Kid touching hot stove

The Hornady Rapid Safe is a great way to secure and store your firearm, and still have quick access to your firearm if you need it to defend yourself or your family. Available at Bass Pro Shops, it checks all the boxes for real “Night Stand” solutions.

project child safe poster

Have Conversations with People You Know Who May Come Into Your Home

If you’ve made the decision to have a firearm in your home for personal protection, and you have family, friends or neighbors with keys to your house you must have a conversation with them about ensuring you know they are entering your house. There was a story of a neighbor almost being shot for doing what they thought was the right thing. The person who was the owner of the home had been on vacation. He asked the neighbor to look after the house and water the plants. The home owner came home two days earlier than expected, parked the car in the garage and took a nap. He was startled awake when he heard noise in the kitchen. He grabbed his firearm and stood at his bedroom door at the ready.  The neighbor was shocked when she entered the bedroom with a pitcher in hand to water the plants, to find herself looking down the barrel of the homeowner’s gun. Luckily, no one was hurt, but the homeowner should have told the neighbor to always announce herself, even if she thinks no one is home. A quick shout as she entered would have avoided this near miss. If you have a gun in your home for personal protection, ensure the people with access to your house know they must call ahead and/or yell out when they enter to ensure you aren’t home.

Having Strangers in Your Home

It doesn’t matter if you own your own home or rent a home; repairs are inevitable. Repairs come with one or more strangers entering your home to fix the problem. While they are in your home, your firearm should be in one of two places: either secured and stored away from strangers; or on your person in some form of concealed carry.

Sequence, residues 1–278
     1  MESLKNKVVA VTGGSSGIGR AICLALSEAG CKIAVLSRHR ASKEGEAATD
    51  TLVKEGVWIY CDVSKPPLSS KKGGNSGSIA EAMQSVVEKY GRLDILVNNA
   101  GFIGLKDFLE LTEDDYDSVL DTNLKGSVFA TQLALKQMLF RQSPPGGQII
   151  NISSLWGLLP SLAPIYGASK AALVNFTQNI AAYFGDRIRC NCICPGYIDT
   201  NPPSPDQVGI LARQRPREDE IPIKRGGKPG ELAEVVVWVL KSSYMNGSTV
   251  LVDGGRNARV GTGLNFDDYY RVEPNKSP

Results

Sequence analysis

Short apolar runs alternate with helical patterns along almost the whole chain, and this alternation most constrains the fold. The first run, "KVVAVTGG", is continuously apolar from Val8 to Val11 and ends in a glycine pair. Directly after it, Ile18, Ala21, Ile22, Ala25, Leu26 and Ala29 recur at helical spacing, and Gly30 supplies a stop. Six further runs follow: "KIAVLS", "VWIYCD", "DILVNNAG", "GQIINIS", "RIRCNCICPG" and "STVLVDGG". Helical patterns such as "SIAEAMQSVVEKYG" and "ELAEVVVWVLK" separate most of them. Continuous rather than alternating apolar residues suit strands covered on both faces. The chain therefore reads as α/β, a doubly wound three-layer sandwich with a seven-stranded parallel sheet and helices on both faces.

NOTE: You should ensure that you are legally authorized to concealed carry in the state you are in; and as importantly, you should be trained on how to carry your firearm in this manner. The USCCA offers great training, and you can find an instructor in your area here

You can’t count on watching strangers 100% of the time, you may have to answer the door or some other task; or you or they may have to use the restroom. It only takes seconds for a criminal to take a quick look on your nightstand and steal your valuables. Your firearm should not be one of the items available for them to steal.


Being a Responsibility Gun Owner

Understanding the responsibility that comes with firearms ownership, is paramount to keeping ourselves, our families, friends and communities safe. Please utilize these three practices: safely store your firearm, have conversations with people who have access to your home, and store or carry your firearm when strangers are in your home.

Want More Safety Tips?

Subscribe to our newsletter and follow us on Instagram and Facebook.  

Read these other articles on firearm safety:

A small fee may be paid for sales from links clicked on this page

Leave a Reply

Your email address will not be published. Required fields are marked *